I have experience with all of them. It depends on a large extent on what your tastes are and where you are going to listen. I started with XM Radio as an option on my Garmin StreetPilot 2730 GPS. It worked very well for me. It was used primarily in my work vehicle and could be transported easily to my personal vehicle. When my wife bought a new Dodge Grand Caravan a couple of years ago it came with a free year of Sirius satellite radio. I had already bought her an XM portable about a year prior, but dropped the subscription since she had the free year of Sirius. In the meantime I also dropped my XM for the Garmin since my work vehicle has a mobile computer with EVDO. That allowed me to listen to XM, and later Sirius on line. Anyway, once her free year ran out we had a decision to make. She wanted to subscribe to Sirius, of course, since her van had the receiver built in. Then I found out about Slacker radio. I bought a Slacker G1 for her and it has been an excellent replacement for Sirius. I also had four HD radios at one time. My first was the Radiosophy HD100 in the barn. Then I bought a used one for my pickup truck. Sometime later I bought a Sony component tuner and a Sangean HDR1. Frankly, HD radio clearly has some limitations. It is only allowed 1% of the power of the main signal. The killer for me, however, is a format change locally. My local station had All Comedy Radio on 93.7-2. A few weeks back they switched to another format and that has caused me to lose all interest in it. I have sold the Sony and Sangean already. I do still have the Radiosophy in my horse barn and a JVC in my pickup truck. I will keep those since the JVC has an auxiliary input and CD player. My pickup is a 1995 model and still had a cassette player! I realize that your specific question, however, is satellite vs. HD radio. Given that choice I would go satellite. We had taken long family trips during the time we had XM and then later Sirius. It was nice to have coverage everywhere we went. As far as commercial free on satellite, well that can be misleading, too. I did hear commercials on the comedy stations of XM and Sirius. I am glad that I tried HD radio because I like getting the experience with new technology, but it really doesn't have a great outlook right now. I really didn't lose any money on the two radios I just sold. The Sony was bought and had a rebate. I sold it for what my net cost was. The Sangean was bought at a clearance when they closed the Sharper Image at the Mall of America. My Radiosophy was also bought with a rebate. The net cost was about what an analog radio would cost at a typical retailer, BUT the Radiosophy is much more selective and sensitive than any other AM/FM radio I have ever owner. The JVC was an Ebay purchase and very reasonable. It was time for me to move from cassettes, which I really never used, to CDs. If you only want to listen in the vehicle, a permanent install will be great. If you want to go portable there are some portable satellite radios then can be used in the vehicle. The installation will not be as neat, however. I would take a look at Slacker Radio, too, just because I think it is good to know what your choices are. Now that I have sold two of my HD radios, I need to learn more about internet wifi radios. Good luck with your decision!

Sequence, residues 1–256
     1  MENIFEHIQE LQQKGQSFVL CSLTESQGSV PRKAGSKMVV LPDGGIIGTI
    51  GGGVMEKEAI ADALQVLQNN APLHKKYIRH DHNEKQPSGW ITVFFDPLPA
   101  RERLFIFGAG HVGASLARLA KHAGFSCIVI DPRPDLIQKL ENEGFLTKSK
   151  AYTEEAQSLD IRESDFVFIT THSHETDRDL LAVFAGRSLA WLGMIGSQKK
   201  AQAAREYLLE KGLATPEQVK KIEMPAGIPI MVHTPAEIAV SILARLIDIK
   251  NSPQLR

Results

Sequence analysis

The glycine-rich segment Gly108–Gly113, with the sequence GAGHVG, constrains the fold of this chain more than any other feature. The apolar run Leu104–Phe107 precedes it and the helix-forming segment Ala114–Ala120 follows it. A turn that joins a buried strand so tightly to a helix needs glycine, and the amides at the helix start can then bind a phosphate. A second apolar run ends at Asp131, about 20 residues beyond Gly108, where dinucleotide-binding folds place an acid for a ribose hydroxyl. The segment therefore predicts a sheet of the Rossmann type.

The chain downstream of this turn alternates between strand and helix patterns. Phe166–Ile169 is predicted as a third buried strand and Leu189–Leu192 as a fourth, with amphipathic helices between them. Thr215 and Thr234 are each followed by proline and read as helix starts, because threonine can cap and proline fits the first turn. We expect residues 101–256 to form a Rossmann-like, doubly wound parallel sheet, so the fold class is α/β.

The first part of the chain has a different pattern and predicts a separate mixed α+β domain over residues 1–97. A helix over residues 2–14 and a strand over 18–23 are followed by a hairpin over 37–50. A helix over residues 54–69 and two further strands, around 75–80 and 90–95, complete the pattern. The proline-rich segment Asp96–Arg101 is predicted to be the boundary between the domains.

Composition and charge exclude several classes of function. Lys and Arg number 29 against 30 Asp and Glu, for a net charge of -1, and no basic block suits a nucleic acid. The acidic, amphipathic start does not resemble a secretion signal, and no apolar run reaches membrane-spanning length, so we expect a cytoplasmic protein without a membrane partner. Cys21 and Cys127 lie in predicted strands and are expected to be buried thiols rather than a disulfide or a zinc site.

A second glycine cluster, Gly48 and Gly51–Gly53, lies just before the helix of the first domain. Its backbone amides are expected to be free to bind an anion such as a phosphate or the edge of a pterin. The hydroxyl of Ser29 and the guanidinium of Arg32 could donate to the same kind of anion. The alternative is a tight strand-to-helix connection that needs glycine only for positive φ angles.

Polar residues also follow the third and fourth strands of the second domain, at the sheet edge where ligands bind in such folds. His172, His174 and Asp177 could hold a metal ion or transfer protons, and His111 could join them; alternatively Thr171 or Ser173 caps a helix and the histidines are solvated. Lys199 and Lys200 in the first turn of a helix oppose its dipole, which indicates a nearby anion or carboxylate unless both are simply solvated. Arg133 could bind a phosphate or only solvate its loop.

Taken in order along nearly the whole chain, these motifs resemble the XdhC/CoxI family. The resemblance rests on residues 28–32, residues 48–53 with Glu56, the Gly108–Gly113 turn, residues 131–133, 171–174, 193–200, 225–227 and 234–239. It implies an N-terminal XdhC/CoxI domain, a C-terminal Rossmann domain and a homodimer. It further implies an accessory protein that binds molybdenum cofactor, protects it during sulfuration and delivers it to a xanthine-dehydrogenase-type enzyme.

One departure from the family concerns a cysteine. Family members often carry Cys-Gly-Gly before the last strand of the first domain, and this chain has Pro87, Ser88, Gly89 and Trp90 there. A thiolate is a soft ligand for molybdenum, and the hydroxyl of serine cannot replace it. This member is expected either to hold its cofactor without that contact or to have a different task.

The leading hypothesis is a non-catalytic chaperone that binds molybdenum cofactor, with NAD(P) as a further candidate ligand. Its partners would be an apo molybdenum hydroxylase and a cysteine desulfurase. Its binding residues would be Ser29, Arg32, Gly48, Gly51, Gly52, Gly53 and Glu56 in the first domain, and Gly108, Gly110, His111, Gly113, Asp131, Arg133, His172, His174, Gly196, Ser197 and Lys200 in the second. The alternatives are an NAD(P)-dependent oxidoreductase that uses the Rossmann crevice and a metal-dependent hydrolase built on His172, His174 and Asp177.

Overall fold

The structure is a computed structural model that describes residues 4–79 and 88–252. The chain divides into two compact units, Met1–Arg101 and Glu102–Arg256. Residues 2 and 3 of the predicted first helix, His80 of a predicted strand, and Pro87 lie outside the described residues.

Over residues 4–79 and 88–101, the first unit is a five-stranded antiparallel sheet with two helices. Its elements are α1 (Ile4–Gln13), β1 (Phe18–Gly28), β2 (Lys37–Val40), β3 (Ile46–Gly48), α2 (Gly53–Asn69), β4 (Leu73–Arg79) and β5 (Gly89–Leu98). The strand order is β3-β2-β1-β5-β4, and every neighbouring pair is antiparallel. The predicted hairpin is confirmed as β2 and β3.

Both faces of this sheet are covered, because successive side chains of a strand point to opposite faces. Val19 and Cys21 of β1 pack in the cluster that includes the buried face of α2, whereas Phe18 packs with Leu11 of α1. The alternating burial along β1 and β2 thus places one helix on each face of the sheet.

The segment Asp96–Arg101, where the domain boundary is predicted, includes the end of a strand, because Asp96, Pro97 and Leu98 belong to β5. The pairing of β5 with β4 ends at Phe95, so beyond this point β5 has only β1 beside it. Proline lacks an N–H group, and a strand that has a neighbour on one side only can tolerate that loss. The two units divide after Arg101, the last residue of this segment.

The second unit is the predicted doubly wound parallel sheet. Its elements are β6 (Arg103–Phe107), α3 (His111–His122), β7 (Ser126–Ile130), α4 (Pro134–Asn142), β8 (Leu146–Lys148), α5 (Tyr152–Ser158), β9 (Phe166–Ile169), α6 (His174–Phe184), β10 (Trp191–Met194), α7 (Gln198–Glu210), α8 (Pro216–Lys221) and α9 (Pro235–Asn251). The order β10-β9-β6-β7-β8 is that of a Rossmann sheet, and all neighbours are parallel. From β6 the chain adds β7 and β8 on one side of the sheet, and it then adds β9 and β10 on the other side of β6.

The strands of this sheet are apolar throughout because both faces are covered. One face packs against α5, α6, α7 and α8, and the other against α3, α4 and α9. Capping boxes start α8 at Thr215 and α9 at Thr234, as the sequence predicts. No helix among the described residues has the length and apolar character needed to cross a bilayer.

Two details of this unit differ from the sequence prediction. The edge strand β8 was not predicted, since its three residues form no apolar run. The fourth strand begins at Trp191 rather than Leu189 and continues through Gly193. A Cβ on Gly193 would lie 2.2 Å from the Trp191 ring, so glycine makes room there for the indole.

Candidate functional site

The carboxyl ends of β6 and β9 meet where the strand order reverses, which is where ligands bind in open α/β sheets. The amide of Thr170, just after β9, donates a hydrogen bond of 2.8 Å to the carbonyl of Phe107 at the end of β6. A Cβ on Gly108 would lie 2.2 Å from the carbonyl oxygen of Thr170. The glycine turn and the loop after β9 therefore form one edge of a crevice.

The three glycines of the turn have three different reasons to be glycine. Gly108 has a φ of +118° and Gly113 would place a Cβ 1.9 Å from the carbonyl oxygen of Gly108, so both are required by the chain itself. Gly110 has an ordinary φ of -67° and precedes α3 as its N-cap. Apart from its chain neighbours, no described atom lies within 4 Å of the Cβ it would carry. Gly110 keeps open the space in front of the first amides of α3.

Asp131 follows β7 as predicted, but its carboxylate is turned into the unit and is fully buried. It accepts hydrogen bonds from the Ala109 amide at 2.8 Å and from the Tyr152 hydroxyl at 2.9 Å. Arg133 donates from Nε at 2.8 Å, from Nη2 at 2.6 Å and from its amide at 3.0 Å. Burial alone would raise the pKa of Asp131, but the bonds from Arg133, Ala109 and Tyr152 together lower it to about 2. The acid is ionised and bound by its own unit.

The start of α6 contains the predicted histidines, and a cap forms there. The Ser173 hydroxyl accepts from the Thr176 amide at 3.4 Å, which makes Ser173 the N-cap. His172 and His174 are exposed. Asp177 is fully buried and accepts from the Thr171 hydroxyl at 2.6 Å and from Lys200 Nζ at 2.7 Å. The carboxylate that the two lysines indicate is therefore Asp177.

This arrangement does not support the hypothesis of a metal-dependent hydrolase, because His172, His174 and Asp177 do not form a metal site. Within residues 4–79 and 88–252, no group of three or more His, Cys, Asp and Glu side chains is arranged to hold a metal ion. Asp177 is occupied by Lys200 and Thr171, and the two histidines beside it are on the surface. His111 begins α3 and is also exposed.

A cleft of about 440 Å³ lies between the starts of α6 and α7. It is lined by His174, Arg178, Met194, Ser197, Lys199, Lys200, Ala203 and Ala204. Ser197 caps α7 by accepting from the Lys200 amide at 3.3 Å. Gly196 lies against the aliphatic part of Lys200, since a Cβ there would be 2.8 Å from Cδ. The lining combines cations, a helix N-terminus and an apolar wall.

#4